It’s also informative to note which things we don’t talk about in detail – you’ll notice, for example, that there’s nothing about which deities we work with on there, because that’s a conversation we’d rather have in person. At the moment, it takes a bit of explanation. (That said, we do mention polytheistic practice, etc. etc. so people should be aware of what they’re looking at.)
The choice of amount of text is also deliberate in some ways: the way we’re planning on training involves a fair bit of reading (there are some alternatives if that’s an issue for someone, but it’s our base assumption.) If that’s an issue for someone, better we figure that out early, before taking everyone’s time.
What frustrates me in Pagan group page design:
There are – okay, more than a few things – that frustrate me as I’ve looked at sites over the years.
1) Playing music at me.
No. Just no. Bands get to do that, and even then, please make it easy for me to turn off (I’ve got my own music playing, thank you!). Everyone else? No. Really no. I love sites that *include* sound files – but please give me the chance to decide what to play, when.
2) Graphics that take away from the actual information
I deeply appreciate good web art – but I also believe that good art in an information source should support the information, not make it hard to find or read. I’m in the design camp that says that attention to good basic design (readability, structure, color choices, etc.) goes a great deal to support the art, as well.
If you do choose to use eye-catching graphics, a few go a long way. Or set up a page to play with the pretty shinies, and let people click into it only if they want to.
If your goal is information, people need to be able to find it. Sequential pages are one thing (like how our membership pages work so that you must read the initial pages first) – but it should generally be easy to get back to the index or general info and find your way around. (This is one of the reasons that doing this in WordPress makes my life easier: set the links up once, and they continue to work.)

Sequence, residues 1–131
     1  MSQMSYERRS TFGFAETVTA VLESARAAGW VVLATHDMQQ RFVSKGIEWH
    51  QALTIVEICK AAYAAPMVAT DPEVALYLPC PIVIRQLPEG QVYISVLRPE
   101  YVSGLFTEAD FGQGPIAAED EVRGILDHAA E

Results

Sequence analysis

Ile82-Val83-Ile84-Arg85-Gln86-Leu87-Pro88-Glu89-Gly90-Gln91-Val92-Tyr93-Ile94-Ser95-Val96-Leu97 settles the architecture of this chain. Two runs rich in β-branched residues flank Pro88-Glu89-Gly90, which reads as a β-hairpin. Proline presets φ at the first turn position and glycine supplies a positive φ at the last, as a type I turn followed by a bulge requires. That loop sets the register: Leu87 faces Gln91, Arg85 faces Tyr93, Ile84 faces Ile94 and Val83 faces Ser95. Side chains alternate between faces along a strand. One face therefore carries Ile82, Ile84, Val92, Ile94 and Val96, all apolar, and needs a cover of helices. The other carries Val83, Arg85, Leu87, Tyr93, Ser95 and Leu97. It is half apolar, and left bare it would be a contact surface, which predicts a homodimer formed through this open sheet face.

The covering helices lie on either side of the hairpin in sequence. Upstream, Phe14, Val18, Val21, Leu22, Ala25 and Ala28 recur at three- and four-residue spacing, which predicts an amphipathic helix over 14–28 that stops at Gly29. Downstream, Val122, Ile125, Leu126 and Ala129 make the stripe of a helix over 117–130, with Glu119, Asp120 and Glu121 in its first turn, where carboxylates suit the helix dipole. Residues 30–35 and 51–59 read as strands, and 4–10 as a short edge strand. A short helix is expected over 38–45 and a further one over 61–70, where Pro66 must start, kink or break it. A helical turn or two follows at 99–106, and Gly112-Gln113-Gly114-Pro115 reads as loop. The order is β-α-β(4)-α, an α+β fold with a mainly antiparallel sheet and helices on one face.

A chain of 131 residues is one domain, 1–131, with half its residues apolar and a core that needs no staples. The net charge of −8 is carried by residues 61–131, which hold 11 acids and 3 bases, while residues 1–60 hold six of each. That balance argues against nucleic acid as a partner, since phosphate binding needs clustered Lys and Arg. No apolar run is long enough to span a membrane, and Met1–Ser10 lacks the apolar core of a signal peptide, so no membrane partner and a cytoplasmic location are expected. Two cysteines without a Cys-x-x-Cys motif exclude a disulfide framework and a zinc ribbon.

Broken links? Not good.
I always wonder when I look at a site where it says “Brand new for 2006!” (and it’s 2008). It doesn’t imply regular editing, certainly. Makes you wonder what else has changed that they haven’t mentioned.
There’s two ways to handle this – avoid time-based stuff entirely (which is what most of our site does), or limit it to a small number of pages that can be easily updated. (which is what we do in the exceptions: I know where the dated stuff is.)
5) Sites that give you little idea about the feel of the group
I’m not talking about ‘put everything out there’. But I do wonder about groups that have very minimal text info, very little design coherency, and very little.. well anything. How is an interested reader supposed to distinguish you from any other group out there?
Sites don’t need to be fancy, but most witches are aware of at least basic color theory (since we use the same stuff in ritual and spellwork!) and it’s nice to see it applied or handled accordingly. If your site is all reds and orange, but you’re talking about calm reflection, I’m going to raise an eyebrow.
(Likewise, I expect some people will go “Phoenix? Why the green?” with ours. Which is okay: there’s a specific reason for it, and once we get some graphic work up, I think it’ll be better. And otherwise, I think we give a good sense of the overall feel.)
So. My opinions and thoughts. If you do have comments on the site, or think I’ve left something out, I’m open to suggestions. (Don’t promise I’ll follow them, just that I believe in listening to reasonable suggestions.)